Study: Rest periods crucial to allow soldiers' brains to heal from trauma

September 4, 2012 by Charis Palmer
A new study of NATO troops returning from Afghanistan has found an ongoing impact from combat stress. Credit: AAP

Soldiers should be given regular periods of respite to recover from combat exposure, experts argue, following the findings of a Dutch study of NATO soldiers returning from deployment in Afghanistan.

The study of 33 soldiers, published in US journal PNAS, found exposure to combat , such as armed combat, enemy fire and improvised explosive device blasts, caused changes to the , impacting the soldiers' ability to remain focused during challenging tasks.

The soldiers were studied before and after a four-month long deployment, with 26 soldiers who were never deployed serving as a control group.

Guido van Wingen from Amsterdam's Brain Imaging Centre, and colleagues, studied tied to so-called executive functions, which rely on attention and for planning and decision-making.

"This study is of considerable importance and consistent with several other studies," said Sandy McFarlane, director of the Centre for Traumatic Stress Studies and Professor of Psychiatry at The University of Adelaide.

"It demonstrates that soldiers require regular periods of respite from combat exposure to let their neurophysiology reset itself."

The study found the brain changes were reversible upon follow-up 18 months later. However, changes to the functional connections between the midbrain and the persisted, suggesting combat stress may have long-lasting effects on cognitive .

"The fact that there is a lasting disruption of pre-frontal connectivity highlights that people do have a limit to how much traumatic stress they can endure," Professor McFarlane said.

The study did not include soldiers that had been diagnosed with post-traumatic stress disorder.

"The study clearly shows that combat exposure takes its toll even in soldiers without psychological problems," said Julie Krans, postdoctoral research fellow at University of New South Wales' School of Psychology.

"It would not be an unwise precaution to monitor Australian soldiers returning from deployment who were exposed to combat situations even if they do not present with psychological symptoms. They might be more vulnerable in future stress situations compared to never deployed ."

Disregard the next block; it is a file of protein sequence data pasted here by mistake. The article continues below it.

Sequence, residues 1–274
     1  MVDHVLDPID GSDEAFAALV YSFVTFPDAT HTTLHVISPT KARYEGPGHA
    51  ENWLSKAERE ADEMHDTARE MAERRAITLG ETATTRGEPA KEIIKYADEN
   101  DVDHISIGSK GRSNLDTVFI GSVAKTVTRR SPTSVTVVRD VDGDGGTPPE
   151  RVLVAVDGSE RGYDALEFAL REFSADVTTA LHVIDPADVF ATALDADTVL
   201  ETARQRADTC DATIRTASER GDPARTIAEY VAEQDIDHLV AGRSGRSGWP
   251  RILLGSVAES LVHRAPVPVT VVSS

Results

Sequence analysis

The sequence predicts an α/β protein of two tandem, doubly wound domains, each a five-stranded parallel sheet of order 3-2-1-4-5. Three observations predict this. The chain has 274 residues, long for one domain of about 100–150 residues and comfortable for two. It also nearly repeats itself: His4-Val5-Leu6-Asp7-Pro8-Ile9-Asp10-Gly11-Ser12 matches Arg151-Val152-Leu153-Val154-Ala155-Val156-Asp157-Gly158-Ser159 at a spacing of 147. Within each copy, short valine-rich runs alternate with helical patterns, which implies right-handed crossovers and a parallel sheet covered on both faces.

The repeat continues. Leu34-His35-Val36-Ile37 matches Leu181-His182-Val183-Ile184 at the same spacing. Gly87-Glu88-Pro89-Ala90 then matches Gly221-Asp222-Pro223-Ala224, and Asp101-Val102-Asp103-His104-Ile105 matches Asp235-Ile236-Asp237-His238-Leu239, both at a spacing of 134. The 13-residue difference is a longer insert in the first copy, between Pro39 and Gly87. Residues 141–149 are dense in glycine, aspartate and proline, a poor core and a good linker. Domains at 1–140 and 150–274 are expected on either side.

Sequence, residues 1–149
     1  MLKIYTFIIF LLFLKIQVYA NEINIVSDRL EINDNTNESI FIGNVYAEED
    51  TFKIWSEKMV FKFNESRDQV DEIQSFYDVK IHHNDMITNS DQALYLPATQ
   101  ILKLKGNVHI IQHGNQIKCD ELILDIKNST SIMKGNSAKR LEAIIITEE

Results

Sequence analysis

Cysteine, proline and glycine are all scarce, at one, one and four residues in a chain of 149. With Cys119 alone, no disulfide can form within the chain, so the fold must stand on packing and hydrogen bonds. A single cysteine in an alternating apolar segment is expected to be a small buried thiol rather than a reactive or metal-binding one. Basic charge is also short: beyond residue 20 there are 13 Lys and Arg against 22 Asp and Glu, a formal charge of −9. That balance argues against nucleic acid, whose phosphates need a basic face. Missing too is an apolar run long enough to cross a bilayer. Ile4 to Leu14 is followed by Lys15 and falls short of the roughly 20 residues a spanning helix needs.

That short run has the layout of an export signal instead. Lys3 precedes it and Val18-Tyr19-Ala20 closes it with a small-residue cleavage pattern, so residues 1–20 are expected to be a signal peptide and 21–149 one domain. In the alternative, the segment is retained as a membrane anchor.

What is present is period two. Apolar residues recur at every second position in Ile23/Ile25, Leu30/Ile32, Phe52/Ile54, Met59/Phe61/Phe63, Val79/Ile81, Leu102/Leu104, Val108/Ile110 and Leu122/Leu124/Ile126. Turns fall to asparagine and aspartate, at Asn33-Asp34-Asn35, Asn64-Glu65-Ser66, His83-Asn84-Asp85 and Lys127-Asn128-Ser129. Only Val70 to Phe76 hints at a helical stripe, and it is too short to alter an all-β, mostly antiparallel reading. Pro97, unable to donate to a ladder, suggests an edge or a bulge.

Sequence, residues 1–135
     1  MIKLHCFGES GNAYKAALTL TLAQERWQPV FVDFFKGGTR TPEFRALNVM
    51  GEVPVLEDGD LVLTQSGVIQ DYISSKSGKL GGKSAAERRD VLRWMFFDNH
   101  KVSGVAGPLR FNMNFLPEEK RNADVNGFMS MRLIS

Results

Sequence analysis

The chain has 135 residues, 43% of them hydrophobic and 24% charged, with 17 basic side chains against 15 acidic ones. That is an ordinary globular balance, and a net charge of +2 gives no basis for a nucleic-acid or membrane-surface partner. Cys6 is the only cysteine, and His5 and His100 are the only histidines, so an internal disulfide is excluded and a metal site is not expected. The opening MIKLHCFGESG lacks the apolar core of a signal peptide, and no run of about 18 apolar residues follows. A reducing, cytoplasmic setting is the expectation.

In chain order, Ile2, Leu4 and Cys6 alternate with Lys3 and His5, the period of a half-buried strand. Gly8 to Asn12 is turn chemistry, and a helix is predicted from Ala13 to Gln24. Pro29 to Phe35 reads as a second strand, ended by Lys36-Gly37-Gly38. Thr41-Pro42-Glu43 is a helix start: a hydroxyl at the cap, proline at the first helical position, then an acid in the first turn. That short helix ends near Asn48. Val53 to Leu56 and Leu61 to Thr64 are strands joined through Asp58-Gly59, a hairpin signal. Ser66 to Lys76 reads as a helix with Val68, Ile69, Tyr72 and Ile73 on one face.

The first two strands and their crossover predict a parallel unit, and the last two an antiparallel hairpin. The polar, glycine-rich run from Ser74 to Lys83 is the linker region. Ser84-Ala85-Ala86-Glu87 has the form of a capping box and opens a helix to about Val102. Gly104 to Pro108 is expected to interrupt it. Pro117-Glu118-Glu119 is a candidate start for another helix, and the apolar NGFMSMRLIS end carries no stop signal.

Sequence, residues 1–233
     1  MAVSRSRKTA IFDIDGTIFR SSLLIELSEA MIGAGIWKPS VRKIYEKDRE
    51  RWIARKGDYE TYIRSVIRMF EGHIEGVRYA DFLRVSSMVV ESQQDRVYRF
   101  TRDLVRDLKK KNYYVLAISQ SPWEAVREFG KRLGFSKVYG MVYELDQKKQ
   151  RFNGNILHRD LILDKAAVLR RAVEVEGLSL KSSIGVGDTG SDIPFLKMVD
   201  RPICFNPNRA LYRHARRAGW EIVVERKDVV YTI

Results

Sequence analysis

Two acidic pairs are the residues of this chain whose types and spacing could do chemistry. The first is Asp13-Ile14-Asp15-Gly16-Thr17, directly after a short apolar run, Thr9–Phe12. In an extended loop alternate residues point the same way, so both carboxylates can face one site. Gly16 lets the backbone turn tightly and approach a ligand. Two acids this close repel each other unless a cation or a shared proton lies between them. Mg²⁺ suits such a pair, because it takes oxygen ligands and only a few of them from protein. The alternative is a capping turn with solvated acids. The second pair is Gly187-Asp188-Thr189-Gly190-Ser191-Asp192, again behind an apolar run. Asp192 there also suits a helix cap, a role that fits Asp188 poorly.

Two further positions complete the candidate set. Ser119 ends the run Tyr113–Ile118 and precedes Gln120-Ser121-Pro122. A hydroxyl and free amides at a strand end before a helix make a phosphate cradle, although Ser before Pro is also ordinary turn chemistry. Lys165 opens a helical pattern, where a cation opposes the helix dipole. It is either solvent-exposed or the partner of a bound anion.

Dr Krans said given the relatively small sample size in the study the implications are very preliminary. "For example, the long-term effects on the brain may not be permanent but may need more time than 18 months to return to normal."

Explore further: How coming home changes a soldier's brain

Related Stories

How coming home changes a soldier's brain

August 31, 2011
Soldiers returning from combat have heightened activity in the part of the brain that regulates fear but this usually normalises after around 18 months, a study has found.

Letters from home may help prevent post-traumatic stress disorder in happily married soldiers

June 3, 2011
A new study from the Journal of Traumatic Stress finds that for active-duty male soldiers in the U.S. Army who are happily married, communicating frequently with one's spouse through letters and emails during deployment may ...

Recommended for you

Heart rate study tests emotional impact of Shakespeare

July 26, 2017
In a world where on-screen violence has become commonplace, Britain's Royal Shakespeare Company is turning to science to discover whether the playwright can still make our hearts race more than 400 years on.

Talking to yourself can help you control stressful emotions

July 26, 2017
The simple act of silently talking to yourself in the third person during stressful times may help you control emotions without any additional mental effort than what you would use for first-person self-talk – the way people ...

Risk for bipolar disorder associated with faster aging

July 26, 2017
New King's College London research suggests that people with a family history of bipolar disorder may 'age' more rapidly than those without a history of the disease.

Psychopaths are better at learning to lie, say researchers

July 25, 2017
Individuals with high levels of psychopathic traits are better at learning to lie than individuals who show few psychopathic traits, according to a study published in the open access journal Translational Psychiatry. The ...

Visual clues we use during walking and when we use them

July 25, 2017
(Medical Xpress)—A trio of researchers with the University of Texas and Rensselaer Polytechnic Institute has discovered which phase of visual information processing during human walking is used most to guide the feet accurately. ...

Toddlers begin learning rules of reading, writing at very early age, study finds

July 25, 2017
Even the proudest of parents may struggle to find some semblance of meaning behind the seemingly random mish-mash of letters that often emerge from a toddler's first scribbled and scrawled attempts at putting words on paper.

0 comments

Please sign in to add a comment. Registration is free, and takes less than a minute. Read more

Click here to reset your password.
Sign in to get notified via email when new comments are made.